3. Yasemin ALTUN, Duke University, “Original-itty in Translation: Sophie Chéron’s Creative Reproduction of Miniature Gems”

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Presidential Session | Venice: Real and Imagined
Friday, 11:30–1:00, Key 12
Chair: Irene ZANINI-CORDI, Florida State University
1. Rebecca SQUIRES, Katholieke Universiteit Leuven, “Vedute of Venice: The Visual Construction of the Picturesque”
2. John HUNT, Utah Valley University, “Imaginary Hells: Witches and Magic Wells in Early Modern Venice”
3. Susan DALTON, Université de Montréal, “Venice’s Amazon? Giustina Renier Michiel’s Strategic Accommodations of Occupying Forces”
The panel will begin with a performed reading: “Giustina Renier Michiel’s and Chateaubriand’s Views on Venice,” presented by Aleksondra HULTQUIST, Stockton University, and Sayre GREENFIELD, University of Pittsburgh at Greensburg. *This reading is supported by the Arts, Theater, and Music Fund*

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Curious Taste: The Transatlantic Appeal of Satire
Friday, 11:30–1:00, Paca
Chair: Nancy SIEGEL, Towson University
1. Cynthia ROMAN, The Lewis Walpole Library, Yale University, “Museums ‘Look down on Them’ Librarians ‘Don’t Know How to Handle Them.’ The Layered Histories of Scholarship and Collecting of Eighteenth-Century British Satiric Prints at the Lewis Walpole Library”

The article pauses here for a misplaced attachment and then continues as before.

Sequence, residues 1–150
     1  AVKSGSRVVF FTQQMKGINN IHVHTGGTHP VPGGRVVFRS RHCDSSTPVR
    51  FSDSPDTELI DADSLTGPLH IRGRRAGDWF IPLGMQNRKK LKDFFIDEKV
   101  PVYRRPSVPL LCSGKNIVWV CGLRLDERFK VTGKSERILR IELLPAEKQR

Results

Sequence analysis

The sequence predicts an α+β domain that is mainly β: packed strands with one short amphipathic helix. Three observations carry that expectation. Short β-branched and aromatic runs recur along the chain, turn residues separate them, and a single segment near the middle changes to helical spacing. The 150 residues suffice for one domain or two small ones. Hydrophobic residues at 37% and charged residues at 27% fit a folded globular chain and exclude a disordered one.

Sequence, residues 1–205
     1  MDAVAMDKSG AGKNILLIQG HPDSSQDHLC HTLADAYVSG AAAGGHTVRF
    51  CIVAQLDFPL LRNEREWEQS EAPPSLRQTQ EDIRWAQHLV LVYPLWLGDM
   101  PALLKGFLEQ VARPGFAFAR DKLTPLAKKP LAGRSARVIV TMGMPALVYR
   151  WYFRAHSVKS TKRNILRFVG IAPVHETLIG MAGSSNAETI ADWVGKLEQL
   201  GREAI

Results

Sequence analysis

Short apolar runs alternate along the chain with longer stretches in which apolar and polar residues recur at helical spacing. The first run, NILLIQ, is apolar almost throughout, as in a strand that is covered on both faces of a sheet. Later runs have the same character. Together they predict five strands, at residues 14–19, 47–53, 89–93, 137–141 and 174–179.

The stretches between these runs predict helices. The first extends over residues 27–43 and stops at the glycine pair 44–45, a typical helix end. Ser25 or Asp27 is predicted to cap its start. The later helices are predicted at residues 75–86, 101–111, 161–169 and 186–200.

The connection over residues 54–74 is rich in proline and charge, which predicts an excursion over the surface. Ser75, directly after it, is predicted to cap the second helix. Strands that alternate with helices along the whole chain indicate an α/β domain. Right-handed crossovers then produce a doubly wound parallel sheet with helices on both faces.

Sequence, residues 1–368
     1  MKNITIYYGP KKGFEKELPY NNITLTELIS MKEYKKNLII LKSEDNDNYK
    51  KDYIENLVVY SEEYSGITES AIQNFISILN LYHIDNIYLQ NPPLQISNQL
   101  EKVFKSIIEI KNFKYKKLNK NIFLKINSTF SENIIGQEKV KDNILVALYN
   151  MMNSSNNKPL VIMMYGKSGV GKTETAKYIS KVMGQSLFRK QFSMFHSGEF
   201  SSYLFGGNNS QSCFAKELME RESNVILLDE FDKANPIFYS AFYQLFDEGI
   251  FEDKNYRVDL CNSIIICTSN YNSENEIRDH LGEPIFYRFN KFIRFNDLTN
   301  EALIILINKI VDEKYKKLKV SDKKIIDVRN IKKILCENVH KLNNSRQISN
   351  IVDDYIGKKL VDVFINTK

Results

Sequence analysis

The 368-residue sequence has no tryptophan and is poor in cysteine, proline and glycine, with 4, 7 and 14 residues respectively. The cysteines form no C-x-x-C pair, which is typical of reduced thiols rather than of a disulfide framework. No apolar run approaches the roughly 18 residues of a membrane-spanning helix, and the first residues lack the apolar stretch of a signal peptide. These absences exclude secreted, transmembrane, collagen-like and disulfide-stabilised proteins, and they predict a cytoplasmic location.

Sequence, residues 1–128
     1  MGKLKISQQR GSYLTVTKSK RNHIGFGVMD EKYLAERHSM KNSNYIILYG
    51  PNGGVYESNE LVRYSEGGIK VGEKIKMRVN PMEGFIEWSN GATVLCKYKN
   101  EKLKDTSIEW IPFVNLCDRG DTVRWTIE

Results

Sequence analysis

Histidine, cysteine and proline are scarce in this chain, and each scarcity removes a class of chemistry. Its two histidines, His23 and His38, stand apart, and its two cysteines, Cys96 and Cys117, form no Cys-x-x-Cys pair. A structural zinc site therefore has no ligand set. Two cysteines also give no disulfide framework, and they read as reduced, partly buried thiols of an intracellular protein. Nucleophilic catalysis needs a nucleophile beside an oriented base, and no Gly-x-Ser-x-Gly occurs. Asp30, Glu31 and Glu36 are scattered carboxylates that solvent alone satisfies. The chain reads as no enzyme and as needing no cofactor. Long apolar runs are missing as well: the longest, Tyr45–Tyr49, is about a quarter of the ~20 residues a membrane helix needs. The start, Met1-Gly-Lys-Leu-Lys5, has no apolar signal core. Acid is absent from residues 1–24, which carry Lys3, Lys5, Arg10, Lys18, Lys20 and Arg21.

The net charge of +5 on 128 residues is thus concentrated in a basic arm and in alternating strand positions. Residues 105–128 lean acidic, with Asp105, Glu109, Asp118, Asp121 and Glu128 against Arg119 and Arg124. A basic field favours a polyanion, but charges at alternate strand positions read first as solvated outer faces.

2. Rebecca SZANTYR, Sterling and Francine Clark Art Institute, “Compiling Singularities: Alexander Anderson’s The Wheel of Fortune”
3. Allison STAGG, Technische Universitat Darmstadt, Germany, “Charles Pierce’s Album of Caricatures”

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Let’s Get Small: Micro-Art Histories, Part II
Friday, 11:30–1:00, Key 6
Chair: Melissa HYDE, University of Florida
1. Aoife COSGROVE, Trinity College Dublin, “Isabel Farnesio, Amateur: A Small-Scale Artist in a Big World”
2. Philippe HALBERT, Yale University, “Rouge, Redress, and the Sauvage: Reading Madame Bégon as Microhistory 1748–1753”
3. Ashley HANNEBRINK, Harvard University, “Small Sculptures, Big Ideas: Terracotta Statuettes and Theories of the Earth in Eighteenth-Century Paris”

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Conversations across the Arts: Adaptations
Friday, 11:30–1:00, Key 12
Chair: Daniella BERMAN, Institute of Fine Arts, NYU and Ashley BENDER, Texas Women’s University
1. Bethany E. QUALLS, University of California, Davis, “Sally Salisbury’s Eighteenth- Century Transmedia Adaptations and the Creation of B-List Celebrity”